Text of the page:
Five Crucial Factors To A Credit Score

By Carol Bright

Credit scores are decisive aspects of our economic lives. Having a high score can guarantee that you will be able to get credit and enjoy a more favorable interest rate, while if you have a lower score you may not be able to acquire credit at all.

Credit scores are key but not very many people comprehend what is implicated in shaping a credit score. There is more to it than just paying your bills on time.

But payment history is the major percentage of a credit score at 35%. Paying your bills on time with no late payments is the best way to increase your credit score.

The next factor is the total you owe compared to the credit you have available. This counts for 30% of the score. You need to not use any more than 35% of the whole you have available or it will count against you. The more you borrow the worse your score.

Next is the time-span of credit history at 15%. The longer your accounts have been open, the better for your score. Use your older credit cards more often because the longer the credit history is the upper your credit score.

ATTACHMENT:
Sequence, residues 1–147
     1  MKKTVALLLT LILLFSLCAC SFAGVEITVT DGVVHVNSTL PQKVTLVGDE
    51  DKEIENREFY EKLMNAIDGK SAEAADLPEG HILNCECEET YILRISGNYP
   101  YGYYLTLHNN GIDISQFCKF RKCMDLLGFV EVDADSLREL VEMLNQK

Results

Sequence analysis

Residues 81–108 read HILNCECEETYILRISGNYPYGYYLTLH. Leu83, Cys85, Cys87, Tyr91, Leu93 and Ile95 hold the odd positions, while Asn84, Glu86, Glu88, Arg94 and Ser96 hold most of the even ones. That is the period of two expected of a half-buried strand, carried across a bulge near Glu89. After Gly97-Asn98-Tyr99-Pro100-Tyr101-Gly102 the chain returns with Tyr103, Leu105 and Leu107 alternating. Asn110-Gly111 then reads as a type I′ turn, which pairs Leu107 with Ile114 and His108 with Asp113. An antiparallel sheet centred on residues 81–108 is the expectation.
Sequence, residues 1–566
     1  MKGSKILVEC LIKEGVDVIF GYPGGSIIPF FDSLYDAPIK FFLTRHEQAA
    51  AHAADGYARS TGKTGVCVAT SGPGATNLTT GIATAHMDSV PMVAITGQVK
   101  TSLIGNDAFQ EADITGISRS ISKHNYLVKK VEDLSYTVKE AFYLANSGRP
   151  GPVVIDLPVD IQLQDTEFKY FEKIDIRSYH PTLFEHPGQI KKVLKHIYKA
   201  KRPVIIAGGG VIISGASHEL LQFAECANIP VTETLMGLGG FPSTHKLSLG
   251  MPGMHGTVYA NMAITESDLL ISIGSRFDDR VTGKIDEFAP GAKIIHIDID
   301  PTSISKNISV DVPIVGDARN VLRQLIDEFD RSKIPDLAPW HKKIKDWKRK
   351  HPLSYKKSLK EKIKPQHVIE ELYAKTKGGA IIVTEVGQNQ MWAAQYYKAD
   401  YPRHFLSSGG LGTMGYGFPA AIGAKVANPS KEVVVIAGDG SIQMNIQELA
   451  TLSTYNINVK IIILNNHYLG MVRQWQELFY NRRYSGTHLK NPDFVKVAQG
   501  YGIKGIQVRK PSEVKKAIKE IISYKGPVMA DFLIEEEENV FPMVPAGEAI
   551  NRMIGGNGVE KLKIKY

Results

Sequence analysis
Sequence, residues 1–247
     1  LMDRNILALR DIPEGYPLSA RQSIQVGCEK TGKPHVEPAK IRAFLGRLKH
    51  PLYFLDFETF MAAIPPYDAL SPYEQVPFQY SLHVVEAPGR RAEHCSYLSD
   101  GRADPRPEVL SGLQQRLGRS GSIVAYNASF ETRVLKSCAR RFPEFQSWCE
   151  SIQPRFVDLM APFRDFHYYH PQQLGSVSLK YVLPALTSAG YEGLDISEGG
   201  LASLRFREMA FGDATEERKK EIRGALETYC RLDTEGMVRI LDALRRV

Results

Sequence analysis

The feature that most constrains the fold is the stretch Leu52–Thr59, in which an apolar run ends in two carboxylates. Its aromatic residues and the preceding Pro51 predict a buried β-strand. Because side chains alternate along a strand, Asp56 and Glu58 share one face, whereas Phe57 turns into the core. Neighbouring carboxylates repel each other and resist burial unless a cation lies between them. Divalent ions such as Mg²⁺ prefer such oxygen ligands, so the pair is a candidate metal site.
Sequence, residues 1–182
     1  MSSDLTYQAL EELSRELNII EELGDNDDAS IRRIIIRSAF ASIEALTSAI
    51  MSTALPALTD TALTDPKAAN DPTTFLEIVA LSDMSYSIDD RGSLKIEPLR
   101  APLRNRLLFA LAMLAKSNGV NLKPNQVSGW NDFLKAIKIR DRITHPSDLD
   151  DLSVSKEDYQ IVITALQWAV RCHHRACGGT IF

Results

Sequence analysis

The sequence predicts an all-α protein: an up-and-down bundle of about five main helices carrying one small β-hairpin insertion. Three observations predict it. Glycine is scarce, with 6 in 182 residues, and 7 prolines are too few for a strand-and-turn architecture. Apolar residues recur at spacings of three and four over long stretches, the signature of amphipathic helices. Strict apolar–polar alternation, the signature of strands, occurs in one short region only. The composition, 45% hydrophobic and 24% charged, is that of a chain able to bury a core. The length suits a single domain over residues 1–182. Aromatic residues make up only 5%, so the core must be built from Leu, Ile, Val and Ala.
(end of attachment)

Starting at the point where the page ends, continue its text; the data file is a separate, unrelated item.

New credit including inquiries count for 10% of your score, do not request for credit unless it is definitely required because a negative mark that will last for 2 years will show on your credit for every inquiry. New credit also includes newly opened accounts.

The remaining 10% is the kind of credit that you use and have. Installment accounts with a clear-cut finish date are usually scored higher than revolving accounts that are changeable without an end date. Regular credit cards are also scored higher than department store cards.

That is all of the components of a strong credit score. As you can see you must pay your bills on time but it is also critical to ration the sum of credit that you use, shun applying for excessive credit and establish a stable credit history. - 31382

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